It will be easy to find a good book about linear algebra. Prices vary from ##€\,0## for lecture notes or free books on the internet, to a few Euros for secondhand books or older editions, which is no problem since the subject hasn't changed in the last 200 years, or ##€\,40-70## for standard and new textbooks, e.g. Greub (Linear Algebra). But I would start with pdf from the internet before I'd buy a book. See first how it works. Plus I would look for books in your native language, such that you don't have to learn two things at once. The English necessary for reading scientific books come along and automatically with your studies.

If you get stuck: come on over and check on our forums how to carry on, and to check whether you understood it correctly.
Thank you for you advice!
 
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  • #4
AdvaitDhingra said:
Hey guys,

so I was on this thread on tips for self studding physics as a high schooler with the aim to become a theoretical (quantum) physicist in the future. I myself am a 15 year old who wants to become a theoretical physicist in the future. A lot of people in the thread were saying that learning calculus and linear algebra, vectors etc. was a good way to prepare and self-study. A lot of people also recommended textbooks.

Now, my question is, what is a good textbook for learning the mathematical concepts helpful for physics that also won't set me back a couple hundred euros ? (yes, I'm from Europe)

Most of the recommendations in the linked thread were over a hundred euros, which is hard to convince my parents to buy.

Thank you in advance!
There are good free online resources these days. For example:

The UK A-Level mathematics syllabus is here:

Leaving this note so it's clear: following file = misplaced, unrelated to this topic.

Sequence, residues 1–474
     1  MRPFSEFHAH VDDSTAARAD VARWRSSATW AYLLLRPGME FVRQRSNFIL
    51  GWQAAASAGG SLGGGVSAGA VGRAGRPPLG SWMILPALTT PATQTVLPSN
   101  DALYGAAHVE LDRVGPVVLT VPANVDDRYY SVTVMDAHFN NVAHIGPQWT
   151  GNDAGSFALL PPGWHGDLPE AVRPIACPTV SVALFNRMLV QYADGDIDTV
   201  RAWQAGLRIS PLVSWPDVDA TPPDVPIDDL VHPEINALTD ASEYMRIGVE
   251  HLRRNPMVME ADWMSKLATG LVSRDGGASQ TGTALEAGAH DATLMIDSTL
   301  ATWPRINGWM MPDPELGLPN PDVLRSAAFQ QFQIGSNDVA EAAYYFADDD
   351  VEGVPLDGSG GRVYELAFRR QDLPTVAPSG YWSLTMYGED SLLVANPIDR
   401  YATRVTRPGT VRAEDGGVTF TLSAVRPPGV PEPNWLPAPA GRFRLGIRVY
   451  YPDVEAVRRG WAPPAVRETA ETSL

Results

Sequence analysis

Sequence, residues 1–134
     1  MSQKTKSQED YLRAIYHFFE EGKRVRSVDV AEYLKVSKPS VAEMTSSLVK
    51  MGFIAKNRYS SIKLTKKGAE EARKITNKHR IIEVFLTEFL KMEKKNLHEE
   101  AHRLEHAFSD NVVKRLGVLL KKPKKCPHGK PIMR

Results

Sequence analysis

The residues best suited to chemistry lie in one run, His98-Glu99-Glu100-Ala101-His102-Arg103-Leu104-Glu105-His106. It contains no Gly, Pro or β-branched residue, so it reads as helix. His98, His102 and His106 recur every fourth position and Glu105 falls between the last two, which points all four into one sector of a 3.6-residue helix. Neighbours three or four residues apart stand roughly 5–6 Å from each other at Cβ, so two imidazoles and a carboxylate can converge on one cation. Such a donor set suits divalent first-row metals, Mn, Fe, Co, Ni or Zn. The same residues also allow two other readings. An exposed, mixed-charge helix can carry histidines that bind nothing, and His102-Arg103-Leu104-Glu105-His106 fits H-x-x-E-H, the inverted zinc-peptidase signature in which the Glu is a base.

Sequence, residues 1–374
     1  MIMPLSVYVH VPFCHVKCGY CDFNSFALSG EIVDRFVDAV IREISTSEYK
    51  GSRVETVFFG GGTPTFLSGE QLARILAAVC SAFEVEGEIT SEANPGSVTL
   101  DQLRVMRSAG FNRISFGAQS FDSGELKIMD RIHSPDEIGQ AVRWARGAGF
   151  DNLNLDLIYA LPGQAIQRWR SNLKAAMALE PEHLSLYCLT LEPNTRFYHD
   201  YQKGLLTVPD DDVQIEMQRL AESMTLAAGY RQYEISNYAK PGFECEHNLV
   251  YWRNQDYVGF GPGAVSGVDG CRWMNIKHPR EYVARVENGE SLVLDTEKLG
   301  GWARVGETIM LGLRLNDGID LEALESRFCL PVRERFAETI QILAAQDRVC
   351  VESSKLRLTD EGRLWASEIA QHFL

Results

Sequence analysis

https://www.examsolutions.net/

There's a comprehensive set of notes for all things calculus here:

https://tutorial.math.lamar.edu/

There's a good treatment of linear algebra here:

https://math.byu.edu/~klkuttle/Linearalgebra.pdf

If you don't get on with any of these, just look for something else.
 
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  • #6
Are you on path to learn differential and integral class (or higher) in high school? If the answer is yes, then you are on the correct path. After this, in no particular order, generally come vector calculus, differential equations and linear algebra. The first two require calculus, so linear algebra is the choice if you want a head start.

(Edit: @fresh_42 makes a good point below)

If the answer is no, you will want to try and learn differential and integral calculus on your own so that you can take the calculus based physics your freshman year. Other than making sure that your reference is for scientists and engineers, the choice of book is not critical; i.e. find a cheap used textbook.

If you want a serious book that will expose you to the beauty of mathematics, try “What is Mathematics” by Courant and Robbins. This is not an easy book.
 
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  • #7
caz said:
Are you on path to learn differential and integral class (or higher) in high school? If the answer is yes, then you are on the correct path. After this, in no particular order, generally come vector calculus, differential equations and linear algebra. The first two require calculus, so linear algebra is the choice if you want a head start.